As American voters have to make the important decision of who to vote for on November 8th, it is imperative for voters to become informed on the candidates, in both facts of policy and opinion, and of their respective personalities. Syndicated columnist Charles Krauthammer takes advantage of this time of discovery and trial with the candidates, in his weekly columns to The Washington Post, where he both appeals to logos and utilizes allusions to expand on his political arguments. Krauthammer appeals to logos throughout his articles to enhance his writing and to deliver further credibility to his argument. In his article, “The Coming Trainwreck,” Krauthammer presents the statistic that only “25 percent of Americans feel we’re on the right
Furthermore, President Obama’s first inaugural speech contained patriotism, allusions, and anaphoras to appeal to the effect of pathos. His diction helps to persuade his audience that he is understanding and emotionally connected to the situation that America has been in and the importance of sticking to the ideas that our founding fathers have implemented thus far in America’s
During a funeral for Reverend Clementa Pinckney, a Charleston shooting victim, President Obama delivered an influential eulogy. This eulogy turned out to be so powerful that it traveled throughout the internet and became known as one of Obama’s best speeches from the duration of his presidency. The speech resonated so well with many citizens because of its relatable content and connections to passionate issues in today’s society. The delivery of the eulogy played a gigantic part in its effectiveness to Americans as well. President Obama’s eulogy contained beyond relatable content and various connections to the issues racking society’s bones today.
Speeches have been a main staple of political rhetoric that goes has been America’s history. There have been memorable speeches from passionate citizens such as Martin Luther King Jr. and Sojourner Truth, and many speeches from our past presidents that have influenced America today. One such speech was given by President Bill Clinton when he addressed the American public on September 11 in 1998 to answer for a moral scandal that took place in the nation’s capital that involved himself and Monica Lewinsky, an intern working at the White House. When called to speak about the internal affair at the White house Clinton gave a memorable speech in which he used clever and strategic language to illicit certain feelings and actions from his unhappy crowd. His mastery of language and his understanding of the people he was speaking to comes through in one intentional speech.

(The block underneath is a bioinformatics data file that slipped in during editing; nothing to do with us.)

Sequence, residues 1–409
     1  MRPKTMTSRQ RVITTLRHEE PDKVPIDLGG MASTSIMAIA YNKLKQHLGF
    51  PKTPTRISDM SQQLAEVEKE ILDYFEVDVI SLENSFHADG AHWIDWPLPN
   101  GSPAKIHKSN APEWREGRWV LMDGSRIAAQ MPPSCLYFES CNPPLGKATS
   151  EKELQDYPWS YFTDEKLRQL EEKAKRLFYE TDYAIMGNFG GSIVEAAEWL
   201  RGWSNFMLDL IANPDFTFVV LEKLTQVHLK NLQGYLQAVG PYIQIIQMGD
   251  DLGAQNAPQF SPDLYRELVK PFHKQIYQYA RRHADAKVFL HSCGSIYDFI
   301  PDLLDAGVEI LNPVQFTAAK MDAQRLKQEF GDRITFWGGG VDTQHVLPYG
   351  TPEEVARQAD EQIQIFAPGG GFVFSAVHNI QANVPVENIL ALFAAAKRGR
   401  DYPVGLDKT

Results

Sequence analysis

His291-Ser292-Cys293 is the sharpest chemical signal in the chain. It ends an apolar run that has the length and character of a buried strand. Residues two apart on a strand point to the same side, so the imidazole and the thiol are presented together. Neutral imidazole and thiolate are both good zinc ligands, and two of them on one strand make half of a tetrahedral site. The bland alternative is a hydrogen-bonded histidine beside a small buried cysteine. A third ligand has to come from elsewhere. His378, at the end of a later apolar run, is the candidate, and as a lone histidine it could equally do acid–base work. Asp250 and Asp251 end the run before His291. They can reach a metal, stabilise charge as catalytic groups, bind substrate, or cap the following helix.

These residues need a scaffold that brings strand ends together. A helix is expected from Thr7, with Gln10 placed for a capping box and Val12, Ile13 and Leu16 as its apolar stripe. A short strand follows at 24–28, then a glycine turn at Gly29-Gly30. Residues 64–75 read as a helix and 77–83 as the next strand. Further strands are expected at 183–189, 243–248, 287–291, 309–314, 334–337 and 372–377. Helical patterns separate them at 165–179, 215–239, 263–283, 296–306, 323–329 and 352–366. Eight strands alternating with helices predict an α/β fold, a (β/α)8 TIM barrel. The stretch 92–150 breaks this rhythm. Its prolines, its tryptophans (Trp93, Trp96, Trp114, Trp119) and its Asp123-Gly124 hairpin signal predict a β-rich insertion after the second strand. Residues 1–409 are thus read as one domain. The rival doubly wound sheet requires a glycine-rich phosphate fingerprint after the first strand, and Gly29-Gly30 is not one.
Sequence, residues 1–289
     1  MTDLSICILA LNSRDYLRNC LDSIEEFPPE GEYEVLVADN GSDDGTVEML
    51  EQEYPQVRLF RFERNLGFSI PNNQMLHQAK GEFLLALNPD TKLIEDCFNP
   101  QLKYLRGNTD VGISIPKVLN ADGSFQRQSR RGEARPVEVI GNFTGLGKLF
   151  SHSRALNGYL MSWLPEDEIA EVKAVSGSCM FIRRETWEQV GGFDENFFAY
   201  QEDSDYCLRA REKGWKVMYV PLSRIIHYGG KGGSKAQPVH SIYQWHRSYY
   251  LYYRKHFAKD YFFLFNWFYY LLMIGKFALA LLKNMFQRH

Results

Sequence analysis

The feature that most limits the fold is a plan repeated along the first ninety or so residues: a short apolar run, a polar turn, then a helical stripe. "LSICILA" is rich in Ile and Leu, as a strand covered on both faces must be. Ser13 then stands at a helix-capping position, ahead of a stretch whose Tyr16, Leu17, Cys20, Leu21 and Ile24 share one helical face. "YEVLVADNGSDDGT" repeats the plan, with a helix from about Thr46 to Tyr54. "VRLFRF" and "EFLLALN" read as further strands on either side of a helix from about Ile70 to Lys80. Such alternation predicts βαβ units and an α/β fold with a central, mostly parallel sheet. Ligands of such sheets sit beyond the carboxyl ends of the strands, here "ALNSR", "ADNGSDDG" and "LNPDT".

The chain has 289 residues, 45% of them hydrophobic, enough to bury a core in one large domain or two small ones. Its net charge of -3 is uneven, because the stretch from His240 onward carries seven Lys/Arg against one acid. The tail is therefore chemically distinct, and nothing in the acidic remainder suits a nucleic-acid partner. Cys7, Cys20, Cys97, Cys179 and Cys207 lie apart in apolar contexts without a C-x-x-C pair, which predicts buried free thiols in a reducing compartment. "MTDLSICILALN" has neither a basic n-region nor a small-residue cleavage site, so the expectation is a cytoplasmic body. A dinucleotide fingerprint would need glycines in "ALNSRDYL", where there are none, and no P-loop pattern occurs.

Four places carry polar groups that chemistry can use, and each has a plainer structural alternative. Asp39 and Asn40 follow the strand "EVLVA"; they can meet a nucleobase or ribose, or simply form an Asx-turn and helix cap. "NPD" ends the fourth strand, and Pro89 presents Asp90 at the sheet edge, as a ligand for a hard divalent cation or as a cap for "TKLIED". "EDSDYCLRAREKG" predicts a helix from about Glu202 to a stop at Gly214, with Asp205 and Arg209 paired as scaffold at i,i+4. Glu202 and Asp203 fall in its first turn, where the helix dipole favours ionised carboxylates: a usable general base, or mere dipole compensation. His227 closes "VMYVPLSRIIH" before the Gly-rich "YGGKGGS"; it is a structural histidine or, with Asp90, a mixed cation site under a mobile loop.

Throughout his speech, Barack Obama’s use of metaphor allows the audience to make powerful connections and conclusions; therefore, persuading them to support his plans. While analyzing past presidential inaugurations, Obama compares peace and prosperity to the ocean and economic crisis to gathering clouds and raging storms stating: “Forty-four Americans have now taken the
Barack Obama’s win for President in 2009 was a historical moment for the United States. His inaugural speech was much anticipated, because this was going to set the tone for his presidency. His speech told the American people that improving the economy is one of his priorities, but there were also other areas he would like to improve like healthcare and the education system. This was a speech that was meant to persuade the American public to take action for them to rise as a nation again, and for them to put their trust into him. His message addressed a couple of specific points like his gratefulness to the American people, the different crises America is facing, how America will overcome these crises, replying to his cynics, addressing the world, and then he reminded America again to be brave like they’ve always been to overcome the hard times (5 Speechwriting Lessons from Obama's Inaugural Speech, (n.d.).
Abi H. Civic Reflection Issue 1- Change in Point of View: In Canada, voter turnout has become a major issue; as there is a large amount of the population that does not vote in elections. Back in 2008, a total of 58% of the countries` population voted in the election. This is a startling low number, which since has begun to increase only slightly in recent years. In a democratic society, voting is essential for it to function with its full potential. Doing so enacts one of your basic responsibilities as a citizen, as well as shows that you are staying involved in your community and government.
In the beginning, Thatcher was sincere and used her personal experiences to show he had a “grace of a deeper kind” (23). By being sincere, Thatcher built her effectiveness and her ability to sympathetic. By the end of the speech, her tone switched to optimistic. While the rest of her speech was emotional and sincere, the last paragraph shows the hope for the future of the country, even through they have lost an exceptional former president. In the last sentence of the speech, Thatcher states that American stands for “freedom and opportunity for ordinary people” (98).
Rhetorical Analysis of Obama’s Victory Speech Barack Obama was re-elected as the president of the US on November 6, 2012 from Chicago, Illinois. This paper will throw light and analyse various elements Barrack Obama is using to portray his political ideology to audiences through his speech. I intend to focus on the rhetorical effects of the speech. By using various form of rhetorical tools such as Tautology or Anaphora, President Obama gives a speech which focuses on the idea of American life such as the American dream, American promise and the future.